Star-shaped windows in the dome overhead let in the afternoon sun. Thick steam trapped the light, preventing it from spreading evenly throughout the room – instead, spears of white pierced the opaque mist. The extravagant marble floor and copper fixtures were only found in city baths, built by kings and princes. Lydia knew she might never enter another Turkish bathhouse again, and she was glad her last excursion was such a special one.
Lydia returned to her mat and picked up the soap again. This time she slid the lather between her thighs, over the flat surface of her belly, and up the shallow curve of her waist.
“What if nobody recognizes you?” Zohra asked, casting another frank glance at Lydia's hardened figure. While she spoke, Zohra slicked one hand along the rounded contours of the opposite arm. Zohra always started from the top and worked her way down.
As they inched closer to Constantinople, Lydia had begun to consider the possibility that they might actually make it to England. There were so many things she missed about her homeland – strawberries and willow trees and rain, just to name a few.
And yet she dreaded her homecoming. Only fear for her life sent Lydia back to her father’s doorstep. Nothing else was worth the humiliation.
“They’ll recognize me,” Lydia answered calmly.
“But your family will find your marriage to a Muslim shameful,” Zohra said.
Lydia nodded. They’d had this conversation before.
“What will we do if they abjure you?”
It would be a disaster. They needed her father’s protection. What would they do if he wouldn’t give it? Die probably. Or…Lydia shrugged, “There’s always America.”
“Yes, that’s right, why don’t we just run for the rest of our lives?” Zohra snapped, then stood and grabbed the bucket with a violent swipe of her hand.
In the changing room, Lydia put on a clean set of underclothes. A silk tunic that reached to her knees and a pair of loose trousers made up the first layer. After that, she had to make do with dirty outer garments – a heavy wool tunic, embroidered around the collar and cuffs, followed by a heavy satchel she carefully positioned against her belly. The sack disappeared under the loose black robe that came next. Finished, Lydia glided over to the mirror to stand behind Zohra, who was using a fingernail to tug a ribbon of glossy black hair out from under her veil to sweep in a gentle curve across her forehead. Kohl rimmed her slanted almond-shaped eyes.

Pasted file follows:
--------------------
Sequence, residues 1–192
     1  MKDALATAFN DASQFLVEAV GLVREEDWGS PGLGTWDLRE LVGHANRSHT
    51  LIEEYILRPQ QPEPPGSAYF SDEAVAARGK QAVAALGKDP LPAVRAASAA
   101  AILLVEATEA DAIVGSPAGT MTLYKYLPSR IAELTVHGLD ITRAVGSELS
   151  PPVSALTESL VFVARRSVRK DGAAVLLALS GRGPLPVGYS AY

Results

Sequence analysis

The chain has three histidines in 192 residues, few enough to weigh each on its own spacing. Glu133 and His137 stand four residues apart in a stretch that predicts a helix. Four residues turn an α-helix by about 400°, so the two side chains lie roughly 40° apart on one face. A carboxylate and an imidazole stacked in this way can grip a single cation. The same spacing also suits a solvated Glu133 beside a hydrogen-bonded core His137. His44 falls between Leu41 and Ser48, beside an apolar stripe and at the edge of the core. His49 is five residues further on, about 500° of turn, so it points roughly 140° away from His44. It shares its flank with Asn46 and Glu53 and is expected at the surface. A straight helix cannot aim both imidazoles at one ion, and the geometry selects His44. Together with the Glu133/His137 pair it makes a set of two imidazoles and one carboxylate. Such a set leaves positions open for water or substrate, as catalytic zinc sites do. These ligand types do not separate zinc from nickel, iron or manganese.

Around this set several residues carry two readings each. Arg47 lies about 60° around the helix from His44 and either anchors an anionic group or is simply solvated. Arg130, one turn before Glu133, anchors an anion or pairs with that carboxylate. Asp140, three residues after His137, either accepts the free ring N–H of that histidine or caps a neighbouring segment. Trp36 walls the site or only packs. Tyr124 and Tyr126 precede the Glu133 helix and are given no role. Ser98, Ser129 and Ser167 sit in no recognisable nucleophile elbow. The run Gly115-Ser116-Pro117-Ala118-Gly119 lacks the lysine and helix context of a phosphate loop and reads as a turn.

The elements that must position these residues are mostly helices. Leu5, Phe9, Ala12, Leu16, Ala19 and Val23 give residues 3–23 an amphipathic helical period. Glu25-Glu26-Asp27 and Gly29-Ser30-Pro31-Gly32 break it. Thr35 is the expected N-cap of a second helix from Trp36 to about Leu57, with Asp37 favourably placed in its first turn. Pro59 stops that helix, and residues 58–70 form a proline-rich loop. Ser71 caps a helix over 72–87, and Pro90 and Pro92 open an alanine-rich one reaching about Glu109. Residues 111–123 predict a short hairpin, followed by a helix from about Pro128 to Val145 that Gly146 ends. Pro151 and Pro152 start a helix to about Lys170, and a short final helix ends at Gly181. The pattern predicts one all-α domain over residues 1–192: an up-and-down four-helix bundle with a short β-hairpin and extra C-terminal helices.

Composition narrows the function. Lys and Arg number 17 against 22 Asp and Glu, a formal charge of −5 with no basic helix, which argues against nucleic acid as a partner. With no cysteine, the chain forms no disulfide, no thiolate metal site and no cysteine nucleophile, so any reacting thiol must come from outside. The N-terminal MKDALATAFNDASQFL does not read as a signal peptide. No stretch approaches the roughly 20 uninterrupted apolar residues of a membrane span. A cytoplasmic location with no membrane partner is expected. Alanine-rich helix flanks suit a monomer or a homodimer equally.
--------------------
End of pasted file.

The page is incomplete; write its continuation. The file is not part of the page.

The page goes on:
“A veil masks a woman’s face, but like all masks, it communicates as much as it hides,” Luke Benton wrote in In the Footsteps of the Crusaders. She’d read those words long before she set foot in the Orient, and Zohra was living proof. It didn’t matter how much fabric she draped over her body, Zohra was a walking challenge to all mankind.
Lydia could see herself in the mirror too. She looked, as she always did when she was troubled, serene as a porcelain doll. Her face remained frivolous and innocent, no matter how dire the circumstances.
Satisfied with her appearance, Zohra turned away from the mirror. She took Lydia's tightly clasped hands in her own and gently pulled them apart.
“I won’t follow you forever, Mihrimah.” Zohra said, her first words since the outburst.
“What would you rather do?” Lydia met her friend’s gaze without flinching. “Do you want to stay in Constantinople? We could make it happen.”
“I can’t stay here any more than you can.” Zohra dropped Lydia's hands. “Put on your headscarf. We should go, it’s humid in the bath.”
Lydia focused on her veil, tugging the silk into loose folds that covered her hair completely and cast her face into light shadow. Unlike Zohra, she didn’t want to attract attention.